Subjects of this text:

subject book bibliographic info
caligula Shannon-Henderson, Power Play in Latin Love Elegy and its Multiple Forms of Continuity in Ovid’s (2019) 181
censors and census Shannon-Henderson, Power Play in Latin Love Elegy and its Multiple Forms of Continuity in Ovid’s (2019) 181
claudius, and senators admits non-members to sessions Talbert, The Senate of Imperial Rome (1984) 157
claudius, wives of Shannon-Henderson, Power Play in Latin Love Elegy and its Multiple Forms of Continuity in Ovid’s (2019) 181
cornelia Shannon-Henderson, Power Play in Latin Love Elegy and its Multiple Forms of Continuity in Ovid’s (2019) 181
family, imperial Shannon-Henderson, Power Play in Latin Love Elegy and its Multiple Forms of Continuity in Ovid’s (2019) 181
flamen dialis Shannon-Henderson, Power Play in Latin Love Elegy and its Multiple Forms of Continuity in Ovid’s (2019) 181
freedmen Shannon-Henderson, Power Play in Latin Love Elegy and its Multiple Forms of Continuity in Ovid’s (2019) 181
freedmen attend senate Talbert, The Senate of Imperial Rome (1984) 157
livia Shannon-Henderson, Power Play in Latin Love Elegy and its Multiple Forms of Continuity in Ovid’s (2019) 181
memory, cultic, decline and Shannon-Henderson, Power Play in Latin Love Elegy and its Multiple Forms of Continuity in Ovid’s (2019) 181
messalina Shannon-Henderson, Power Play in Latin Love Elegy and its Multiple Forms of Continuity in Ovid’s (2019) 181
narcissus Talbert, The Senate of Imperial Rome (1984) 157
numa Shannon-Henderson, Power Play in Latin Love Elegy and its Multiple Forms of Continuity in Ovid’s (2019) 181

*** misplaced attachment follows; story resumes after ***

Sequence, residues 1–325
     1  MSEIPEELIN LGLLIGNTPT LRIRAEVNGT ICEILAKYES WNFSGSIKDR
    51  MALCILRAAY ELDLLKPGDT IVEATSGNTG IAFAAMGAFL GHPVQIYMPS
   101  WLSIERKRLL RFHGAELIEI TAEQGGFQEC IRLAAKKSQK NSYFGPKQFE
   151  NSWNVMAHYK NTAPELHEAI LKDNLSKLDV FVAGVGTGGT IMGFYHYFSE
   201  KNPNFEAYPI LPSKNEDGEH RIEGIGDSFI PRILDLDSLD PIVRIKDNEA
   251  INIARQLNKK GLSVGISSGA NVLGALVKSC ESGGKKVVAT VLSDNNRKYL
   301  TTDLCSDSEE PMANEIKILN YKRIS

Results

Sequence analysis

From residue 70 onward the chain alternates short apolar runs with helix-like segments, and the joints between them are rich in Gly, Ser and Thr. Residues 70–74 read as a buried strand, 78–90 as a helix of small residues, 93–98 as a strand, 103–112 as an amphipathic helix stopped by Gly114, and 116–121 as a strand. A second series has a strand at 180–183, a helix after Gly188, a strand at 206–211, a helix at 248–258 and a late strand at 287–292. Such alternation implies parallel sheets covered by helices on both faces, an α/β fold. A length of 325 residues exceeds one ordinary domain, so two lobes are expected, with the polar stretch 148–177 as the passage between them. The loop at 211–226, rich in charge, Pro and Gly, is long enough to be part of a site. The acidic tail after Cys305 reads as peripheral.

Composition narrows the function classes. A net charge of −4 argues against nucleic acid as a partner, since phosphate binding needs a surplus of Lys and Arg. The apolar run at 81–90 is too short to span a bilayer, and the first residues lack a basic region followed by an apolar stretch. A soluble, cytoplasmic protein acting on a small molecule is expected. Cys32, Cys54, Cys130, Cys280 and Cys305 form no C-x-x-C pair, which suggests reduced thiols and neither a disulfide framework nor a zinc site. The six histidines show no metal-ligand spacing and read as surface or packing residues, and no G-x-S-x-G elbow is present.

ostorius sabinus Talbert, The Senate of Imperial Rome (1984) 157
pallas Talbert, The Senate of Imperial Rome (1984) 157
priests and priesthoods' Shannon-Henderson, Power Play in Latin Love Elegy and its Multiple Forms of Continuity in Ovid’s (2019) 181
rhescuporis Talbert, The Senate of Imperial Rome (1984) 157
senate, in latin and greek, non-members Talbert, The Senate of Imperial Rome (1984) 157
senate, in latin and greek, procedure Talbert, The Senate of Imperial Rome (1984) 157
senate, in latin and greek, receives envoys Talbert, The Senate of Imperial Rome (1984) 157
senate, in latin and greek, sessions arms and soldiers Talbert, The Senate of Imperial Rome (1984) 157
senate, in latin and greek, women Talbert, The Senate of Imperial Rome (1984) 157
senate Shannon-Henderson, Power Play in Latin Love Elegy and its Multiple Forms of Continuity in Ovid’s (2019) 181
sulpicia praetextata Talbert, The Senate of Imperial Rome (1984) 157
vestal virgins Shannon-Henderson, Power Play in Latin Love Elegy and its Multiple Forms of Continuity in Ovid’s (2019) 181
women Talbert, The Senate of Imperial Rome (1984) 157